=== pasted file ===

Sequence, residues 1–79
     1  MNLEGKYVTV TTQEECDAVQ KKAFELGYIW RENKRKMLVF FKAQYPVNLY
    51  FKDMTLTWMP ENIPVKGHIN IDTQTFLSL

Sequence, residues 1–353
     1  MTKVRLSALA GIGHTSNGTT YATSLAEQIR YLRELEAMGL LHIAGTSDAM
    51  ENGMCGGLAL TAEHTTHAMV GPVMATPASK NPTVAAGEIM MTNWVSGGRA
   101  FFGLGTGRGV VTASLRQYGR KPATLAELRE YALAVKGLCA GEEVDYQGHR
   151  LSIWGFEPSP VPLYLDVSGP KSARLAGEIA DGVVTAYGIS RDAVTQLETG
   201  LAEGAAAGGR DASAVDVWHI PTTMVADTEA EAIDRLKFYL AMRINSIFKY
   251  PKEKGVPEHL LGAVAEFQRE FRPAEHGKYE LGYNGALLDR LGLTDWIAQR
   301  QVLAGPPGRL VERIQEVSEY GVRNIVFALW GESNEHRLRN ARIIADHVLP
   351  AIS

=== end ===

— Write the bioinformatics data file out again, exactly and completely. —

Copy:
Sequence, residues 1–79
     1  MNLEGKYVTV TTQEECDAVQ KKAFELGYIW RENKRKMLVF FKAQYPVNLY
    51  FKDMTLTWMP ENIPVKGHIN IDTQTFLSL

Sequence, residues 1–353
     1  MTKVRLSALA GIGHTSNGTT YATSLAEQIR YLRELEAMGL LHIAGTSDAM
    51  ENGMCGGLAL TAEHTTHAMV GPVMATPASK NPTVAAGEIM MTNWVSGGRA
   101  FFGLGTGRGV VTASLRQYGR KPATLAELRE YALAVKGLCA GEEVDYQGHR
   151  LSIWGFEPSP VPLYLDVSGP KSARLAGEIA DGVVTAYGIS RDAVTQLETG
   201  LAEGAAAGGR DASAVDVWHI PTTMVADTEA EAIDRLKFYL AMRINSIFKY
   251  PKEKGVPEHL LGAVAEFQRE FRPAEHGKYE LGYNGALLDR LGLTDWIAQR
   301  QVLAGPPGRL VERIQEVSEY GVRNIVFALW GESNEHRLRN ARIIADHVLP
   351  AIS